Novak Djokovic no longer is just a young guy on a hot streak. He could be world No 1 in a matter of weeks, if not days, and a certain informed observer of the game believes he will be.
"The No 1 ranking is not in danger, it's finished," Rafael Nadal said after Djokovic dispatched him in straight sets on clay on Sunday. "Let's not lie to ourselves, that's the reality."
If or, as Nadal seems to believe, when Djokovic displaces him as No 1 it will rank as a historical event in the men's game, ending a seven-plus-year period, going back to February of 2004, during which only Roger Federer or Nadal have been top ranked.
Nadal's dominance of Djokovic on clay was shattered in the final at Madrid as the Spaniard lost to the Serb for the first time in their 10 meetings on the surface.
Djokovic already had amply demonstrated he could defeat Nadal on other surfaces; clay was Nadal's last refuge, and now it has been breached.
"If I want to reach No 1 I will have to play consistently well because that's what Rafa and the other players will do," Djokovic said. "Probably because of my winning streak and being in the shape of a lifetime, I'm playing the best tennis of my career."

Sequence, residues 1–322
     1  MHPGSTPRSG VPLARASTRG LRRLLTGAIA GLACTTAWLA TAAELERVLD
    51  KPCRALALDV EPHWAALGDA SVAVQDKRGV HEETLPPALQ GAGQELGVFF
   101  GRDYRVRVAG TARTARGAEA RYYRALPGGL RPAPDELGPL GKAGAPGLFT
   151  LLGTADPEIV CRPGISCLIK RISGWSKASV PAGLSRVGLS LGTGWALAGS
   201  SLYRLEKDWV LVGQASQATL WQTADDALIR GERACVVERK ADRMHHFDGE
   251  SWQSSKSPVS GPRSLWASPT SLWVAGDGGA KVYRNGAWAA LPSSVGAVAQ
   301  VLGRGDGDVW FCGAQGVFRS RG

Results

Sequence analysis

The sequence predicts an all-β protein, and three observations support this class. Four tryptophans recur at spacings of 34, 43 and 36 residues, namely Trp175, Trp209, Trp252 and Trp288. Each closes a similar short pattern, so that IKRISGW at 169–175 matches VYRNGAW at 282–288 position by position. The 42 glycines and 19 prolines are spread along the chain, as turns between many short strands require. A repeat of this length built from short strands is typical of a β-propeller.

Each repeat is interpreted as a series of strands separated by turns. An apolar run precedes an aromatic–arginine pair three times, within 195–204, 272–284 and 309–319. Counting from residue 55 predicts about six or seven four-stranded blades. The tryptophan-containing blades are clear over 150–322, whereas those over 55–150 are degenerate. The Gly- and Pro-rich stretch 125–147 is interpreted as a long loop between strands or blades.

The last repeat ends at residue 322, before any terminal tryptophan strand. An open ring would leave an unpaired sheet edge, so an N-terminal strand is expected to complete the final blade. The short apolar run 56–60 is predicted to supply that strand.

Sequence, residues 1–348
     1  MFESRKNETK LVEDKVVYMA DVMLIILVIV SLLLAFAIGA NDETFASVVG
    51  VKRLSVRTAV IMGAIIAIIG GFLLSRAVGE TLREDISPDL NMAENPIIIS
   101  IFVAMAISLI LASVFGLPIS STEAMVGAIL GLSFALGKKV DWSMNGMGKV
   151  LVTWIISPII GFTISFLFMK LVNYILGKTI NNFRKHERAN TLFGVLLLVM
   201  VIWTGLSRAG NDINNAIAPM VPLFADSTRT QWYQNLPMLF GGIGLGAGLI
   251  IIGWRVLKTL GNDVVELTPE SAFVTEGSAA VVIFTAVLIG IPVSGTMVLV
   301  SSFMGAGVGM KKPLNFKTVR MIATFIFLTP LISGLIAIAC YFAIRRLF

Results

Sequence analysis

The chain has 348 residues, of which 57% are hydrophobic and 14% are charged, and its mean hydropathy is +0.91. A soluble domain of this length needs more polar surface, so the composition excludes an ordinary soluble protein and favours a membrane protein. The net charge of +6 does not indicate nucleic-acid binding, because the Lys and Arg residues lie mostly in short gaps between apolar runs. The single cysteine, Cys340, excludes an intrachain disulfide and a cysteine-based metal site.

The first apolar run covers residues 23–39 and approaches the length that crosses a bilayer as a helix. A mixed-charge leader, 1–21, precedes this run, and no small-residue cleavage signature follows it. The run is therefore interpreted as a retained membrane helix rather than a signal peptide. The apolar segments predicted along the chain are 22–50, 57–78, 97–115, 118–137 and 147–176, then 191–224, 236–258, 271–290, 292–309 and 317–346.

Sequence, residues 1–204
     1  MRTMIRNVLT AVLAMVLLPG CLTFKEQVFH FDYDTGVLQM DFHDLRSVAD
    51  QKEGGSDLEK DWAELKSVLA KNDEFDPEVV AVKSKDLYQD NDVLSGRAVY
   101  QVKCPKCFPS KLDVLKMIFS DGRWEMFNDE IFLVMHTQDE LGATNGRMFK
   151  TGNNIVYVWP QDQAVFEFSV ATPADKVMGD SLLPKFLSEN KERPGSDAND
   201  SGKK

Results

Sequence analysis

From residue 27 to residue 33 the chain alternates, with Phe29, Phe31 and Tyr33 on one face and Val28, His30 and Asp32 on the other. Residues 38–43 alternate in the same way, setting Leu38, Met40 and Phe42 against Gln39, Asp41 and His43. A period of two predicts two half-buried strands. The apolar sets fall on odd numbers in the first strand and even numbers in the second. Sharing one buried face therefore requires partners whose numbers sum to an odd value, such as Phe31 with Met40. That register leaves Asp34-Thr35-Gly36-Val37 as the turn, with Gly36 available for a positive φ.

Djokovic as No 1 soon is built on the assumption that one Nadal defeat on clay, his first in his past 38 matches on the surface, will soon be followed by another.
Djokovic could be No 1 as soon as next Monday if he can win in Rome this week and Nadal goes out of the tournament before the semi-finals.
A more realistic scenario would have Djokovic winning the French Open in early June, where he is defending only a quarter-final appearance from last year, and grabbing No 1 there.
What Nadal seemed to be hinting at, however, is a longer-term assessment: that even if he can hold off Djokovic through the clay season, the Serb's dominance on grass and hard courts will push him to the top this summer.
He has yet to lose a match this year; his 32-0 start to the season is second in history only to John McEnroe's 42-0 start in 1984.
He seems in the sort of form that athletes sometimes refer to as "the zone", when a difficult sport for a time seems almost absurdly easy.
"Things have changed, I have a different mindset right now, I'm more stable and I know how to think right," Djokovic said.
Nadal, meanwhile, is already making peace with the idea of vacating the top spot. "If I lose No 1 it's not the end of the world. If I lose it I will be No 2 and I'll be very happy," he said.